Memorial to the victims of the explosion, Beirut, Lebanon
Inflation here is a huge problem. There are 5 different exchange rates starting from the official one at 1,500 to the dollar, rising to the black market one of 22,000. I changed 120 dollars yesterday and received 3 million 300 hundred thousand Lebanese pounds! Very good for tourists but not for locals. There were protests last week against government corruption and inflation. One of the streets has now been blocked off with soldiers and barbed wire to prevent a recurrence.
A barricaded road in Beirut, Lebanon
I went for lovely Lebanese food with one of my travel companions for Syria who arrived that day too from Socotra. Finally there is a tiny, cosy little bar on the ground floor of the hotel where I had a nightcap or 3. I bought 2 and was given the 3rd free. Lovely owner and met a Beirut couple who actually met in the bar. It was decided we’d have a party in the bar on Friday. It is incredibly friendly here.
Lovely food in Beirut, Lebanon
A friendly local in Beirut, Lebanon
The patron saint here is St. George, just like England and Georgia.
Painting of St. George in Beirut, Lebanon

The Beirut Explosion

The explosion in Beirut happened on 4th August 2020. It happened when 2,750 tonnes of ammonium nitrate exploded. It is use as a fertiliser but it can also be used to manufacture explosives, it had been stored unsafely.
Damage caused by the explosion in Beirut, Lebanon
218 were killed, 7,000 injured, 300,000 displaced and there was damage to buildings up to 20kms away. It was one of the largest non-nuclear explosions in history.
Leaked documents show that successive governments were warned on at least 10 occasions of the danger of this stockpile of dangerous and potentially explosive chemicals. The warnings came from customs and military officials, the security services and the judiciary.  Nothing was done. All political officials were granted immunity from prosecution which led to widespread condemnation and protests. Some of the buildings have now been repaired, others still show signs of damage.
Building at Beirut port, Lebanon
A building damaged by the explosion at Beirut port, Lebanon
At the port there is a memorial statue, made from debris from the blast. it is 82 feet tall and weighs 35 tons. It is of a giant holding a flower. It was created by local Lebanese artist Nadin Karam. He described it as “It is a giant made of ashes, traces from the explosions, scars of the city, that still exist everywhere in Beirut.”
Memorial to the Beirut explosion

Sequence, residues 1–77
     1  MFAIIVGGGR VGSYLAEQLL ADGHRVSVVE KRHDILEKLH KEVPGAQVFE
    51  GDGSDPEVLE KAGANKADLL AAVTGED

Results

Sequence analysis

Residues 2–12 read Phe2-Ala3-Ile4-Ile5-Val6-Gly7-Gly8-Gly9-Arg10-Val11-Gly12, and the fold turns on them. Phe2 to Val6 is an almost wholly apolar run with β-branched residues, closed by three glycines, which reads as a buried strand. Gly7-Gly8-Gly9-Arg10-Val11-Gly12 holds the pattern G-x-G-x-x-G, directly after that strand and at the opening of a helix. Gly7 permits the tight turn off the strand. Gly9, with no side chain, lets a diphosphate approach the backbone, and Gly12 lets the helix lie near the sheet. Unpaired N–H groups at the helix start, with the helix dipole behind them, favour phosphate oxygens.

There is also a memorial wall to the victims and it is incredibly moving. The portraits capture the essence and the character of the people they were. They were all killed in the Beirut explosion. Each has their name underneath. The young girl is Alexandra. There is also Kazim, a message from his family written on his portrait. Some were never identified and appear as unknown victims. 218 victims of something that should have been prevented.
memorial wall to explosion victims in Beirut
Memorial wall in Beirut, Lebanon
The memorial wall to victims of the explosion in Beirut. Lebanon
Message on the memorial wall Beirut, Lebanon
An unknown victim of the Beirut explosion

Other things to see in Beirut

I spent another day walking around Beirut and managed to see everything by foot.

Pigeon rocks

One of the most famous and scenic landmarks of Beirut are these 2 rock formations rising from the sea. They are also known as Raouche rocks and are a lovely place to view the Mediterranean Sea and lovely coastline.

View of Pigeon Rocks, Beirut, Lebanon

Pigeon rocks in Beirut, Lebanon

It is possible to walk on the promontory next to the rocks. One of my mysteries was how did this overturned car get there?
Overturned car in Beirut, Lebanon
 I was told it was accident some time ago and it drove off the cliff but that’s a long distance. it has been left there.
How did this car get here, Beirut, Lebanon?
It was an interesting walk along the coast and one of the highlights was seeing a turtle swimming right next to the shore
A turtle in Beirut, Lebanon
Beirut seashore, Lebanon
Explosion damage in Beirut, Lebanon
Beautiful mural in Beirut, Lebanon

Mohammed Al-Amin mosque

Another major landmark of the city with its blue dome. it was opened in 2008 and holds 3,700 worshippers. it was the project of former prime minister Rafic Hariri, who was subsequently assassinated and is now buried here. It also looks very atmospheric illuminated by night.